Justice in the UK is at the mercy of a failing economy and cuts, that virtually guarantee victory for corrupt police forces, such as Sussex and London's Metropolitan police. Rigging the evidence by investigating selectively, stealing Privileged Papers and instructing lesser experts who will say whatever they are asked, is the hallmark of an unjust society. We have on file a number of crimes like this not investigated, because they are inconvenient to the notion of fair play. It is alleged that an investigation would reveal fraud by Wealden District Council, covered up by Sussex police, who are said to be party to the crime - apart from committing the crime of failing to investigate a crime.








DOUBLE STANDARDS - Greenpeace has threatened to take the Conservative government to court if it approves drilling at a new oil field in Scotland. Where most would imagine that leading by example would be the order of the day in all matters leading up to Cop26, ministers are considering green-lighting the gas and oil project at Cambo, a North Atlantic site west of Shetland. No matter how you cut it, if this application gets the go ahead, how will the UK be able to hold its head up high when seeking to persuade India and China to stop burning coal. It's like the ongoing grants of permission for houses that add to climate chaos, where councils are investing ratepayer's dollars in oil, instead of renewables. CIL payments are not going to the Community as Infrastructure Levies, they are (it is alleged) being used to make up the shortfall in pension plans for council employees. We agree with Greenpeace, this should be the subject of a Judicial Review or Public Inquiry.







Parliamentary office:

House of Commons
Phone: 020 7219 8087

Constituency office:

Office 11
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Gloucester Rd
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Phone: 01242 210 473



Make sure that Alex is you local MP, when raising local issues. Or, go through your local MP, to raise national issues with the appropriate minister.


The system depends on local MPs performing. Sometimes, a matter is for the Prime Minister's attention. But, inevitably, MPs will deflect questions, to avoid having to do anything. They have developed this system to reduce their workload, and to avoid having to investigate inconvenient matters. Such as where are our taxes being spent.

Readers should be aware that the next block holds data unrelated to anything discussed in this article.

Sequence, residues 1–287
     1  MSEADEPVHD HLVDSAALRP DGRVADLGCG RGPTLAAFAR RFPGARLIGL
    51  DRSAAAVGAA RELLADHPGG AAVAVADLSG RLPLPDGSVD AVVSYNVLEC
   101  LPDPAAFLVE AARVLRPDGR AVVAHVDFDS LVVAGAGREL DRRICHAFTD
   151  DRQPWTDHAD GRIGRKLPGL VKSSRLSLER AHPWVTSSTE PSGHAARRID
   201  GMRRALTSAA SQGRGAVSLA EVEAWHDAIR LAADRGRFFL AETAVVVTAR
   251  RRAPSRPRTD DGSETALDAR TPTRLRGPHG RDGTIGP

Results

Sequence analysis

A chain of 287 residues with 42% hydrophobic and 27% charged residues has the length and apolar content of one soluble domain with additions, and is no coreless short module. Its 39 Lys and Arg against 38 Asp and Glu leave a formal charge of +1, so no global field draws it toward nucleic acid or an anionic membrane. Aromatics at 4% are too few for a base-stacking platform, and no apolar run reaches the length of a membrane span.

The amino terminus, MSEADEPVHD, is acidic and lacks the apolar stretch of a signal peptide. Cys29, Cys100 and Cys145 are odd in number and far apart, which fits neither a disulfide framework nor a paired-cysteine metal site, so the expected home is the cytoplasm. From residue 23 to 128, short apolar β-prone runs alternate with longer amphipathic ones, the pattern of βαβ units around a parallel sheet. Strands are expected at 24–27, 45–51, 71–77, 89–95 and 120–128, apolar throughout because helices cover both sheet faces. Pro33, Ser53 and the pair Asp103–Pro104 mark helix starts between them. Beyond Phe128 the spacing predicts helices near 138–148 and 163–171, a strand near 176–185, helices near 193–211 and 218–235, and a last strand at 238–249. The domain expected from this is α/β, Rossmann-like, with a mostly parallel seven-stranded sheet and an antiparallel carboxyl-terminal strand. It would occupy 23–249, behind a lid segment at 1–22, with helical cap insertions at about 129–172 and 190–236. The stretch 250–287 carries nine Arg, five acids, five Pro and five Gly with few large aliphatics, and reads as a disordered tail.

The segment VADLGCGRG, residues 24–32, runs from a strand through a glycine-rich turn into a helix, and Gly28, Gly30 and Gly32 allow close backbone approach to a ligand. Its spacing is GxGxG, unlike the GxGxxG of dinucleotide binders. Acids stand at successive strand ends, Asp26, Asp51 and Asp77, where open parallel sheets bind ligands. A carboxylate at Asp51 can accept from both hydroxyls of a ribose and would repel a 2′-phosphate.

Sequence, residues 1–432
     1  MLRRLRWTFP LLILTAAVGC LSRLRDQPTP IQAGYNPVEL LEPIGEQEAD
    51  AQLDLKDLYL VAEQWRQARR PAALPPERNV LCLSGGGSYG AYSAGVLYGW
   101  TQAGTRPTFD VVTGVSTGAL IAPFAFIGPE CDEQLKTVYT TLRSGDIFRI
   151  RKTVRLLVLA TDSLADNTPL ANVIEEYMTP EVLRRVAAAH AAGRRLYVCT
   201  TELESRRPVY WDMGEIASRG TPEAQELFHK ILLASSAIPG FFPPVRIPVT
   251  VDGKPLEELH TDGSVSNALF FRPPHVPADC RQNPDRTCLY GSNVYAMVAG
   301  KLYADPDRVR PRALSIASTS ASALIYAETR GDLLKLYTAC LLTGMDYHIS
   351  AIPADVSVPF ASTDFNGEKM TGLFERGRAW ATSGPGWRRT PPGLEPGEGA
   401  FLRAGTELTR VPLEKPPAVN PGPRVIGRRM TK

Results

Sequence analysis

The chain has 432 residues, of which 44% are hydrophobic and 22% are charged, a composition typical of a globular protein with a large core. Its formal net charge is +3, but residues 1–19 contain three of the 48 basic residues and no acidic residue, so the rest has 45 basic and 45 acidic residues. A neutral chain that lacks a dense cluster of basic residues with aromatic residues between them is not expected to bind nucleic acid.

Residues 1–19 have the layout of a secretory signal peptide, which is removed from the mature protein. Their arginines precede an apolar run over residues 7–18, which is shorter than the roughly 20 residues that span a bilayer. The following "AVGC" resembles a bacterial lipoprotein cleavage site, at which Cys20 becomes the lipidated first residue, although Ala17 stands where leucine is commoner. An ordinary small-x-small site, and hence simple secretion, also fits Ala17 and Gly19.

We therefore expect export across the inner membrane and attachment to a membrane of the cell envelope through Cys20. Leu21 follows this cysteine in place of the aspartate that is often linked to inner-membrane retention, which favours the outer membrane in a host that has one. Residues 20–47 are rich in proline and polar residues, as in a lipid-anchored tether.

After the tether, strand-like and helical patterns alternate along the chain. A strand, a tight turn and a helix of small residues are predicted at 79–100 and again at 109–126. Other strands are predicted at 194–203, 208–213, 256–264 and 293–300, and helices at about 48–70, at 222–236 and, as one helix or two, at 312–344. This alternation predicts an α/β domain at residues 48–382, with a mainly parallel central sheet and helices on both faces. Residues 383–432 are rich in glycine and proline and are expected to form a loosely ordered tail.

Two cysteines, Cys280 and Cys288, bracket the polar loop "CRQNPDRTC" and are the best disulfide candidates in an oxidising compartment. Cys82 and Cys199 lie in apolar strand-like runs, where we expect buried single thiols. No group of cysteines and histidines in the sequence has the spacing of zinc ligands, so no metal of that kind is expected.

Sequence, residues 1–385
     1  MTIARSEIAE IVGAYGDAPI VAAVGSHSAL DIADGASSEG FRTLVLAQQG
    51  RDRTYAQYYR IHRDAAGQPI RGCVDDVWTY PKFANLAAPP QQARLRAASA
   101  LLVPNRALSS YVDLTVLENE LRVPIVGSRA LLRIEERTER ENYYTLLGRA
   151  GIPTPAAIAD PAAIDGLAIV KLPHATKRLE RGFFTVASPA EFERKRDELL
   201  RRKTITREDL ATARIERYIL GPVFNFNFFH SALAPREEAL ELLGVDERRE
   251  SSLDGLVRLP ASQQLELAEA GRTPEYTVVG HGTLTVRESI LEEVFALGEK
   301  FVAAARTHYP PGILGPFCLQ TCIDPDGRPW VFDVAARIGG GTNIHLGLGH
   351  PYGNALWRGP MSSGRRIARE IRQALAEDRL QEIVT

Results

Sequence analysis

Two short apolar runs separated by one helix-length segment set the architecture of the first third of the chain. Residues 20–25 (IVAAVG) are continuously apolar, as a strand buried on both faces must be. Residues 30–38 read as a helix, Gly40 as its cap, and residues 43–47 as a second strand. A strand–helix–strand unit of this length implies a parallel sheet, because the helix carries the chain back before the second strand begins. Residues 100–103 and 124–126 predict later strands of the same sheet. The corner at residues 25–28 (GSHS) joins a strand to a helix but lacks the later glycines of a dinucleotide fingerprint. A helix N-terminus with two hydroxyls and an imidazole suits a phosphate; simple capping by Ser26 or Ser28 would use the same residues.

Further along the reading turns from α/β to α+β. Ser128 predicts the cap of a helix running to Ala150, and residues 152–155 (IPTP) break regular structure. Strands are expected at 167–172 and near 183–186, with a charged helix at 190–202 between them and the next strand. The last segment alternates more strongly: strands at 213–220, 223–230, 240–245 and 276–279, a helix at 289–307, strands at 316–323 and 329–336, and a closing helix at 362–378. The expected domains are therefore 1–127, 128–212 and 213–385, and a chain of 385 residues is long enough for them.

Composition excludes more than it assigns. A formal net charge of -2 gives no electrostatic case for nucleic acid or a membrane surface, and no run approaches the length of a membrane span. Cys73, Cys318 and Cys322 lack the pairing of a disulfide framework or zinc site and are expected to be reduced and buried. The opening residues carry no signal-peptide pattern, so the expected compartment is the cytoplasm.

Transparency is something the Conservatives are do not want, or, the electorate would be better able to understand how it is that they have fudged our economy.









Boris Johnson

Prime Minister


Rishi Sunack, MP Richmond, Yorkshire


Rishi Sunack

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Priti Patel


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Home Secretary


Dominic Raab


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Foreign Secretary


Michael Gove


Michael Gove

Chancellor D. Lancaster


Ben Wallace


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Matt Hancock


Matt Hancock

Health & Social Care


Elizabeth Truss


 Liz Truss

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Gavin Williamson


Gavin Williamson



Oliver Dowden


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Alok Sharma MP, Reading West


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MP Reading West


Robert Jenrick


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Terese Coffey


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Work & Pensions


Robert Buckland


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Anne-Marie Trevelyan


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International Dev.


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George Eustice


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Brandon Lewis


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Suella Braverman


Suella Braverman

Attorney General



Stephen Barclay


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Theresa May


Theresa May - former PM

MP for Maindenhead


David Cameron